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I have $$ \inf_{f \in W} \sup_{x \in [-1,1]} |x + f(x)|$$ where $f \in W = \{f: [-1,1] \rightarrow R$ continuous $| \int_0^1 f(x) d \mu = \int_{-1}^0 f(x) d \mu = 0\}$.

I want to compute this thing but I'm not sure what to do with the $inf$ $sup$. I know that $\inf \sup x_n = \limsup x_n$ for sequences but here I don't have sequences. Does anyone have any idea about what I could do?

Many thanks for your help.

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Yes, that's what I meant. You are saying $\inf \sup |x + f| = \inf || x - f ||_\infty$ where the inf is taken over all $f \in W$? –  Matt N. Sep 30 '11 at 18:08
1  
Did you mean $\| x -f(x) \|$ or $\| x+f(x) \|$? I am guessing that in this question, the two expressions give the same answer (since you can consider $-f$ instead of $f$), but still you should clarify. –  Srivatsan Sep 30 '11 at 18:20
    
I mean $+$ as I wrote it in the question. –  Matt N. Sep 30 '11 at 18:27

2 Answers 2

Often we can ignore continuity at first and get functions that need to be approximated by continuous ones.

Consider $g(x)=x+f(x)$. We want to find $$ \inf_{g \in W'} \sup_{x \in [-1,1]} |g(x)|\tag{1} $$ where $W'=\{g:[-1,1]\mapsto\mathbb{R}|\int_0^1g(x)\;\mathrm{d}x=\frac{1}{2}\text{ and }\int_{-1}^0g(x)\;\mathrm{d}x=-\frac{1}{2}\}$.

In $(1)$ we want to find a $g$ that minimizes the supremum of its absolute value, yet has integral $\frac{1}{2}$ on $[0,1]$ and integral $-\frac{1}{2}$ on $[-1,0]$. On $[0,1]$, this would be $g(x)=\frac{1}{2}$ and on $[-1,0]$, it would be $g(x)=-\frac{1}{2}$. Thus, we get that $$ f(x)=\left\{\begin{array}{}+\frac{1}{2}-x&x\in[0,+1]\\-\frac{1}{2}-x&x\in[-1,0]\end{array}\right.\tag{2} $$ Now, $(2)$ doesn't describe a continuous function, but it can easily be approximated by one that has behavior as close to $f$ as we wish. Thus, the answer to the original question is $\frac{1}{2}$.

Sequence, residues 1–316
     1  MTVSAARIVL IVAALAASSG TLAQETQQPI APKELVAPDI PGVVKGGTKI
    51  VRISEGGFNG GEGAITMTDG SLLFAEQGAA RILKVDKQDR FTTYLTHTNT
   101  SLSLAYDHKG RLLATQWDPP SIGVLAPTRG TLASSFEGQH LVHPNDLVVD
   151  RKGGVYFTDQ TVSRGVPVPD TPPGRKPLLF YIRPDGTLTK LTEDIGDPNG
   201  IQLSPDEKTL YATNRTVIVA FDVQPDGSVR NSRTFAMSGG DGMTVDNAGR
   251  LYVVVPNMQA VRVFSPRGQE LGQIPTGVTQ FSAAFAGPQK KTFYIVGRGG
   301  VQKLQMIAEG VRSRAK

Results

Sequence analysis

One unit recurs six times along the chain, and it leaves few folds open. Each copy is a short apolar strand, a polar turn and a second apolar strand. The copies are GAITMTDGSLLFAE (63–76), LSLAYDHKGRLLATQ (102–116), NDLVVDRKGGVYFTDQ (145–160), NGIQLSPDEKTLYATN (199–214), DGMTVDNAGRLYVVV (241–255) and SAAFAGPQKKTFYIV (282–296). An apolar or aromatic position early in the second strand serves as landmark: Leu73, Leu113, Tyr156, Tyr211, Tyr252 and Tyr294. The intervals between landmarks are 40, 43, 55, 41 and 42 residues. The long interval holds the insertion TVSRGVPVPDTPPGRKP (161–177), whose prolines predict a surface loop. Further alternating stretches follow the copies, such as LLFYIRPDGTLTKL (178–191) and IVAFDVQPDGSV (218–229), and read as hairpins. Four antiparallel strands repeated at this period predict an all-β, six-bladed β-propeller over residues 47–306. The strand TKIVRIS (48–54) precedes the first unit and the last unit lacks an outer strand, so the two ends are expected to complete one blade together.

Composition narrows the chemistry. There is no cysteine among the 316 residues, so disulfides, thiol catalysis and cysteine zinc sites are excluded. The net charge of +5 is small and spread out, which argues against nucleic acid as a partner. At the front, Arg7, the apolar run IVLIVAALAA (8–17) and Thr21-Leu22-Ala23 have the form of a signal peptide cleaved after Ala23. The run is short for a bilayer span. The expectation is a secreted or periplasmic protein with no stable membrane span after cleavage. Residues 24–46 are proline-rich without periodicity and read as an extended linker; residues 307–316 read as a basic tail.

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up vote 1 down vote accepted

Thank you Davide and robjohn, I merged your answers into the following:

To compute the following: $$ || f||_{C/W} = || x||_{C/W} = \inf_{f \in W} \sup_{x \in [-1,1]} |x + f(x)|$$

Let $g(x) = x + f(x)$. Then $$ \int_0^1 g(x) d \mu = \frac{1}{2}$$ and $$ \int_{-1}^0 g(x) d \mu = - \frac{1}{2}$$

$$ \implies || f||_{C/W} = \inf_{g \in W^\prime} \sup_{x \in [-1,1]} |g(x)| = \inf_{g \in W^\prime} ||g ||_\infty$$ where $W^\prime = \{ g: [-1,1] \rightarrow R | \int_0^1 g(x) d \mu = \frac{1}{2}, \int_{-1}^0 g(x) d \mu = - \frac{1}{2}\}$

(i) $$ || g||_\infty = || g||_\infty \mu([0,1]) \geq \int_0^1 g d \mu = \frac{1}{2}$$

$$ \implies ||f||_{C/W} \geq \frac{1}{2}$$

(ii) Now we want a function in $W$ whose supremum (=maximum) is $\frac{1}{2}$. That's easy:

$$ f(x) := -x - \frac{1}{2}$$ for $x \in [-1,0]$ $$ f(x) := x - \frac{1}{2}$$ for $x \in [0,1]$

$$ \implies || f ||_{C/W} = \frac{1}{2}$$

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